Credit unions have been strong lenders throughout the slowdown. Their share of auto loans shot up to 37 percent in early 2009, from 24 percent the previous year, and it remains at a relatively high level. That may not be a bad thing, according to Royce. "From my experience," he said, "credit unions often have better deals than banks."

With auto loan delinquencies trending downward, community banks are loosening up, too. And there are other choices for borrowers. Many automotive and financial websites route consumers to sources of car loans. and LendingTree, for example, have institutions competing for customers with good, bad and indifferent credit.

At times, the weak lending environment may seem to make shopping for loans tougher. "There are a lot fewer banks playing in this space," said Gary Pierce, national account director for cars at For example, HSBC, a bank that once dealt directly with consumers, now provides car loans exclusively through dealers, he said.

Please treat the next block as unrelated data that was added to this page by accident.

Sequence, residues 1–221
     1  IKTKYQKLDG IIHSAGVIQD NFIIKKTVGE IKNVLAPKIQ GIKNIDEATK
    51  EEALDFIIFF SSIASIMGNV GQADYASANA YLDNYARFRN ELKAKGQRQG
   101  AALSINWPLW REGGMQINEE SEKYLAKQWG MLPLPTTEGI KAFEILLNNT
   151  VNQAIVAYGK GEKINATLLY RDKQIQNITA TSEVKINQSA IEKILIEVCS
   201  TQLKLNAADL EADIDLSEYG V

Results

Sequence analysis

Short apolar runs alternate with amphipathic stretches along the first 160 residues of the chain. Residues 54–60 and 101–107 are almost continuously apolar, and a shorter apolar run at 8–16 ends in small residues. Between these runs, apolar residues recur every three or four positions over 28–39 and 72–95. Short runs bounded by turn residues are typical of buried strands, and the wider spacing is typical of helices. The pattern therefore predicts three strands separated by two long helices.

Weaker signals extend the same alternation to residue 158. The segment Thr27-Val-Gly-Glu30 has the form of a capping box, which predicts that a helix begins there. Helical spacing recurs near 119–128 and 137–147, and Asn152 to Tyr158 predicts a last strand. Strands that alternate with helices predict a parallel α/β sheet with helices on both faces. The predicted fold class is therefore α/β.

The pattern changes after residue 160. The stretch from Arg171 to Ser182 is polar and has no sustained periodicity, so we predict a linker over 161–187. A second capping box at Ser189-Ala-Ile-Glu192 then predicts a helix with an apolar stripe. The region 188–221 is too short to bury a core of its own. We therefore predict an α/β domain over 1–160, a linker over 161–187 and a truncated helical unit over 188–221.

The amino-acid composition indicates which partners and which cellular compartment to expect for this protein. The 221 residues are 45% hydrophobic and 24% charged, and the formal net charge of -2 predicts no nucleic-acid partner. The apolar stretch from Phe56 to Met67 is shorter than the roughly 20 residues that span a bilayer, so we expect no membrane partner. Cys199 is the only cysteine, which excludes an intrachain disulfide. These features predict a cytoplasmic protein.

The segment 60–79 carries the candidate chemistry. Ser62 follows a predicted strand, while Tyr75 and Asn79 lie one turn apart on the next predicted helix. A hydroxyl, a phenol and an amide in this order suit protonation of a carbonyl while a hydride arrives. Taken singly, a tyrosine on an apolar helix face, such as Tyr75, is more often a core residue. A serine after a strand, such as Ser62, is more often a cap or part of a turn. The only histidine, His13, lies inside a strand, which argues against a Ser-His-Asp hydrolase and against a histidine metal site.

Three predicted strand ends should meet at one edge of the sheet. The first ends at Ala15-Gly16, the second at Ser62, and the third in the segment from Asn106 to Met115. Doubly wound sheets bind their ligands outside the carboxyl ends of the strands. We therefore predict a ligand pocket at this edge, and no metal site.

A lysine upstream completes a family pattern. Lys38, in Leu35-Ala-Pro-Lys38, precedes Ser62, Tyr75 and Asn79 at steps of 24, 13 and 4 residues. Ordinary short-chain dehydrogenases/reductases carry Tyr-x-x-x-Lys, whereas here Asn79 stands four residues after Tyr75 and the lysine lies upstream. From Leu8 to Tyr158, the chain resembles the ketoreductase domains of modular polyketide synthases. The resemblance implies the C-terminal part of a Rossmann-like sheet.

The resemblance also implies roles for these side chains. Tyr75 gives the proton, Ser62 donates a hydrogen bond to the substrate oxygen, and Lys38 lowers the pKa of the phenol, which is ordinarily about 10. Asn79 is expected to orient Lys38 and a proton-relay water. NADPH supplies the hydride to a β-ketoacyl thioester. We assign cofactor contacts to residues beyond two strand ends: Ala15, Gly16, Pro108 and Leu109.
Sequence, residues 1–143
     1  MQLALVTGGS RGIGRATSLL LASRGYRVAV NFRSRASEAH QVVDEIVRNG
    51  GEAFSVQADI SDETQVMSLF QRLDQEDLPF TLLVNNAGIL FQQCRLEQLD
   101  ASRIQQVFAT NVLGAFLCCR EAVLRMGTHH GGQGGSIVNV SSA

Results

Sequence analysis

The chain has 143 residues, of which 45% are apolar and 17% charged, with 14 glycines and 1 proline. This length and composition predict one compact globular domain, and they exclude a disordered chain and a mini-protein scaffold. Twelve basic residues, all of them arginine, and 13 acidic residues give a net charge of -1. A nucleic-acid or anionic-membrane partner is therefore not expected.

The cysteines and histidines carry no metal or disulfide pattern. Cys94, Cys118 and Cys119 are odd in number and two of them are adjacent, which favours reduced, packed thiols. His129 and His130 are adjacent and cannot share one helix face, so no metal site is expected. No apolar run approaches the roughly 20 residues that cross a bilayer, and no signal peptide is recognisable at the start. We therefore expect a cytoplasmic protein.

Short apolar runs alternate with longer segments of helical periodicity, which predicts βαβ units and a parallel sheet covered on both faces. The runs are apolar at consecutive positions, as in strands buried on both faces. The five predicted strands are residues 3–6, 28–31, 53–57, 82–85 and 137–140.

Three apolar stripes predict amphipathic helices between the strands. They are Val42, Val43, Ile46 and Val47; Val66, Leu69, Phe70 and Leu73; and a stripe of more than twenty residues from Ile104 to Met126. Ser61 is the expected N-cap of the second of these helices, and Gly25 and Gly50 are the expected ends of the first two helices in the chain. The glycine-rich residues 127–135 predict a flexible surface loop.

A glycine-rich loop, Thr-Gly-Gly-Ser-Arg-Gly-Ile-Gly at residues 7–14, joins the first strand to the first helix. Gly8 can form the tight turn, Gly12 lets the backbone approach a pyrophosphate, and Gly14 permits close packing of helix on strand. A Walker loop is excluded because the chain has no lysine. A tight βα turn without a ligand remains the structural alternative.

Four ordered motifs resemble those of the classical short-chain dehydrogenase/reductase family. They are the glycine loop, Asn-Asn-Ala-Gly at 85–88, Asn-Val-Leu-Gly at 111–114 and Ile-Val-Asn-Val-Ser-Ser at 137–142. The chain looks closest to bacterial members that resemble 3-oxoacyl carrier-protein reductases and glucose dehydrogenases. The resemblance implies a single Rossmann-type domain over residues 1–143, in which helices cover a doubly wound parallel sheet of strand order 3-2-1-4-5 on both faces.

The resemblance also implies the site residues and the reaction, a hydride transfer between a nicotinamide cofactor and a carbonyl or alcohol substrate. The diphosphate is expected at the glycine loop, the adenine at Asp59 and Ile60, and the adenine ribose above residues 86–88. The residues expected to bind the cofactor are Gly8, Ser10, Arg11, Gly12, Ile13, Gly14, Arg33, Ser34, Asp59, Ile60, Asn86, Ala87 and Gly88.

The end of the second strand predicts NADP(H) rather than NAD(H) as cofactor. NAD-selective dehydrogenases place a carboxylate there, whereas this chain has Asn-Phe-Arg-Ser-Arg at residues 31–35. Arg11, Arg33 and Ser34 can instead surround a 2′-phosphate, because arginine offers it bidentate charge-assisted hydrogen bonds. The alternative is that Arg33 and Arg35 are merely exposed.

Bank of America focuses on borrowers with excellent credit, Pierce said, while Capital One is active with customers with mid-range credit. Strangely enough it is possible to be turned down if your credit is too good. If you're not one of the bank's target customers, said Pierce, it may prefer to lend to others and charge more interest.

If buyers have problems with financing, Royce recommends they simply press ahead. "In the past, you might have been approved at three or four places, and you picked the best one. And now you may only be able to get one or two," he said.

Low Rates – For Now